Animalia > Chordata > Actinopterygii > Gadiformes > Lotidae > Molva > Molva molva

Molva molva (Ling; European ling; Common ling)

Synonyms: Gadus molva; Gadus raptor; Lota mola; Molva linnei; Molva vulgaris
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Wikipedia Abstract

The common ling or simply the ling, Molva molva, is a large member of a family of cod-like fishes. An ocean fish whose habitat is in the Atlantic region and can be found around Iceland, Faroe Islands, British Isles, the Norse coast and occasionally around Newfoundland, the ling has a long slender body that can reach 2 metres in length; in adulthood, it is generally a deep-running fish, spending much of its life at depths of 100 m or more; younger fish are found at shallower depths.
View Wikipedia Record: Molva molva


Migration [1]  Oceanodromous

Protected Areas

Name IUCN Category Area acres Location Species Website Climate Land Use
Waddensea of Schleswig-Holstein Biosphere Reserve 724639 Germany

Prey / Diet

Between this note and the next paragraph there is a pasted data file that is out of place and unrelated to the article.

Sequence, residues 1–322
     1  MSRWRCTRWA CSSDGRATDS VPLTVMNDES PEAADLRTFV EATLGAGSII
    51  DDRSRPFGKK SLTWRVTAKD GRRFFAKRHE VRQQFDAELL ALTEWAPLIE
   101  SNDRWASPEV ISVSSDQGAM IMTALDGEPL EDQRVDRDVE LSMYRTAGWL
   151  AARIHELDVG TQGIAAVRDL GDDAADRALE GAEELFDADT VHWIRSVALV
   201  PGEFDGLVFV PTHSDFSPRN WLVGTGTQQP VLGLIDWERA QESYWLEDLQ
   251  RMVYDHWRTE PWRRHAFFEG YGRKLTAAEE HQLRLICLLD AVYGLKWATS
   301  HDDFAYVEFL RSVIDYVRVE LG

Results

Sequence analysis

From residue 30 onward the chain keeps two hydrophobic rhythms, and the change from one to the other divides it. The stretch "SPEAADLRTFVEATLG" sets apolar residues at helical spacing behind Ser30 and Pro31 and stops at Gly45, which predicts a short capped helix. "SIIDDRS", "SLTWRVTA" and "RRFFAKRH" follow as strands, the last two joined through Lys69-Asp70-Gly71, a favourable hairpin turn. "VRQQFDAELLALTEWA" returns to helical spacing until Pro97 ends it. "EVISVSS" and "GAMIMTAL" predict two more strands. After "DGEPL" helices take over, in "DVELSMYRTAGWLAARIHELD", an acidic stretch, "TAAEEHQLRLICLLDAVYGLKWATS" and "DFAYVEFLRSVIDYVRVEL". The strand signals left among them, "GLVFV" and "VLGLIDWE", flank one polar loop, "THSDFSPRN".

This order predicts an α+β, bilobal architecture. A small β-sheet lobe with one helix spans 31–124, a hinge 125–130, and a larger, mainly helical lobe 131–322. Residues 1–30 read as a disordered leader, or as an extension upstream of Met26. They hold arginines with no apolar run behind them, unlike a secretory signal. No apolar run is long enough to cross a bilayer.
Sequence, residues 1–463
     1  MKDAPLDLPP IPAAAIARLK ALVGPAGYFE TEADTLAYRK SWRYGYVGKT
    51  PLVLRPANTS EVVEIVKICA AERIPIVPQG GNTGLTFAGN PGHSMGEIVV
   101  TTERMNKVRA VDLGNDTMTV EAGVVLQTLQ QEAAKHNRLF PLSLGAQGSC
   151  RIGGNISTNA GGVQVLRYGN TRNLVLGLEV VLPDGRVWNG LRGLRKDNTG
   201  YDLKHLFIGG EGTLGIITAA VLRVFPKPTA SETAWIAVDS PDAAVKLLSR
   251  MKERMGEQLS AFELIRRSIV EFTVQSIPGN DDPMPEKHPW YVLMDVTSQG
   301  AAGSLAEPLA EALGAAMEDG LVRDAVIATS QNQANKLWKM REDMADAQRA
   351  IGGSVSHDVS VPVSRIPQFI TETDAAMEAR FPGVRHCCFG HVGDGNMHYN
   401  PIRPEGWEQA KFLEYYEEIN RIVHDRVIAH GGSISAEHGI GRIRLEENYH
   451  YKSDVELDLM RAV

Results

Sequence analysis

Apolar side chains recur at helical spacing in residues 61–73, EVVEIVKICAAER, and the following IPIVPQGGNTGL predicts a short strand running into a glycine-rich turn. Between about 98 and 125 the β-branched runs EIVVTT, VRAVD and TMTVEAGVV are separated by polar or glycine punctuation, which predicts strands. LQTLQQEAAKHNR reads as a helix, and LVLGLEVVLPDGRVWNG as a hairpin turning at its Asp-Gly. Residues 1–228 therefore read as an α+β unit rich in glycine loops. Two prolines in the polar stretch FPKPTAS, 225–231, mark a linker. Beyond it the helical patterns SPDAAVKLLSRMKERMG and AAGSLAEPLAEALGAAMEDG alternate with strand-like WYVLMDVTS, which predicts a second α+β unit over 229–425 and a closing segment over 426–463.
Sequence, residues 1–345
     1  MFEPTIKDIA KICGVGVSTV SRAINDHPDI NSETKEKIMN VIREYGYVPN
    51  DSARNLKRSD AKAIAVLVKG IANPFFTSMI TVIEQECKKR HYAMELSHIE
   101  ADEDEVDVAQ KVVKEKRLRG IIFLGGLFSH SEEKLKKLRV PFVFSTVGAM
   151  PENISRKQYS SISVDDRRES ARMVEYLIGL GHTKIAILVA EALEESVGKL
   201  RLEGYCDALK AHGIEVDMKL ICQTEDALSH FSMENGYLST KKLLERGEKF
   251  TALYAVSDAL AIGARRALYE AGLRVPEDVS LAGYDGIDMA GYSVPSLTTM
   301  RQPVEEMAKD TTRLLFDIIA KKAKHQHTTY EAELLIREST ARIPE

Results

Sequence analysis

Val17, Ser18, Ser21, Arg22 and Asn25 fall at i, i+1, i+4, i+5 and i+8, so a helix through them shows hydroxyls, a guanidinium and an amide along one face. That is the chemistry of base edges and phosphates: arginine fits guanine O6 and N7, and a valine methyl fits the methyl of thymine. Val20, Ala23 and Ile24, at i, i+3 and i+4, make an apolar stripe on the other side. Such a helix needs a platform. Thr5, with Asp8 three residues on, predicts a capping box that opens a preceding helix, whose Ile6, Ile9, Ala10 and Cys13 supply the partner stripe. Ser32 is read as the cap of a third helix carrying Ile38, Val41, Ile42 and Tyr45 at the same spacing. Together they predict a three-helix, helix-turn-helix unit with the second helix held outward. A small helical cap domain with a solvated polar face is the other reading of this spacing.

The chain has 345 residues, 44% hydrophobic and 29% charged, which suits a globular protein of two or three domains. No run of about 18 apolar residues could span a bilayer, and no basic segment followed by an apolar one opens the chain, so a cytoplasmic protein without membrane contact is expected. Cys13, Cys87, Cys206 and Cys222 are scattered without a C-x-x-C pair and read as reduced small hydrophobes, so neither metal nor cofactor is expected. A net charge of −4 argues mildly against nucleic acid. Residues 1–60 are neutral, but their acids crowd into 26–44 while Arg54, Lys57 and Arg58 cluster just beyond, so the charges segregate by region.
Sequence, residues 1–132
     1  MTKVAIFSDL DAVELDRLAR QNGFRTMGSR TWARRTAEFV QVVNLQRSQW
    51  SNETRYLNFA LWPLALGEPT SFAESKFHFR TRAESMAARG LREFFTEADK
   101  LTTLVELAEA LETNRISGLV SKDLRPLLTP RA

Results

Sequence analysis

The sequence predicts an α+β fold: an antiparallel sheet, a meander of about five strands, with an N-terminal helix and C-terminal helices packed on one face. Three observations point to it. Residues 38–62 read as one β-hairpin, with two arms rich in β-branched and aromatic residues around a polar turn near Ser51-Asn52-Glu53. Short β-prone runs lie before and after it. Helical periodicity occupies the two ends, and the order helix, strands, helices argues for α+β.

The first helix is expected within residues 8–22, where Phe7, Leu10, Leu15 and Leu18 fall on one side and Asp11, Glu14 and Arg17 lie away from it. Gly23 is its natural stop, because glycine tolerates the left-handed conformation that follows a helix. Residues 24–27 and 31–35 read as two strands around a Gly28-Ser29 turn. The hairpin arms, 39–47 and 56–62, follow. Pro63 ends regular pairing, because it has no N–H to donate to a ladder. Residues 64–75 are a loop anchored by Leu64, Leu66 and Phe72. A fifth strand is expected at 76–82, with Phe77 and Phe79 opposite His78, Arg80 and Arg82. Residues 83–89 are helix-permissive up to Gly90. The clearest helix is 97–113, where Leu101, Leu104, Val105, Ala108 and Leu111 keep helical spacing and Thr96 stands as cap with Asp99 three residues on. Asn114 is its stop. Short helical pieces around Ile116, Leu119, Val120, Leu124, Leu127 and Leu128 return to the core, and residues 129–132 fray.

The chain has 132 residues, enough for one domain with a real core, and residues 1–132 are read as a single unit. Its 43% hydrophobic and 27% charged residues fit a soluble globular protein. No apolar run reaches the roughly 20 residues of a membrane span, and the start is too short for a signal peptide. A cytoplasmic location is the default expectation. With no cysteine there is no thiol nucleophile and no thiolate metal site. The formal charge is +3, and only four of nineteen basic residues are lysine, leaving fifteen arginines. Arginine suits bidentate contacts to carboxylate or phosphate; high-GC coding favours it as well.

Atlantic Ocean; Atlantic, Northeast; Atlantic, Northwest; Baltic Sea; Belgium; Canada; Cantabrian Sea; Celtic-Biscay Shelf; Denmark; East Greenland Shelf/Sea; Faeroe Islands; Faroe Plateau; France; Galician Shelf; Germany, Fed. Rep.; Gibraltar; Greenland; Iberian Coastal; Iceland; Iceland Shelf/Sea; Ireland; Isle of Man; Italy; Mediterranean Sea; Mediterranean and Black Sea; Morocco; Netherlands; North Sea; Northwest Atlantic: off southern Greenland and Canada. Northeast Atlantic: Barents Sea and Iceland to Morocco. Mediterranean Sea: northwestern Mediterranean only.; Norway; Norwegian Sea; Poland; Portugal; Russian Federation; Spain; Sweden; Turkey; United Kingdom; West Greenland Shelf;

External References



Attributes / relations provided by
1Riede, Klaus (2004) Global Register of Migratory Species - from Global to Regional Scales. Final Report of the R&D-Projekt 808 05 081. 330 pages + CD-ROM
2Jorrit H. Poelen, James D. Simons and Chris J. Mungall. (2014). Global Biotic Interactions: An open infrastructure to share and analyze species-interaction datasets. Ecological Informatics.
3Gibson, D. I., Bray, R. A., & Harris, E. A. (Compilers) (2005). Host-Parasite Database of the Natural History Museum, London
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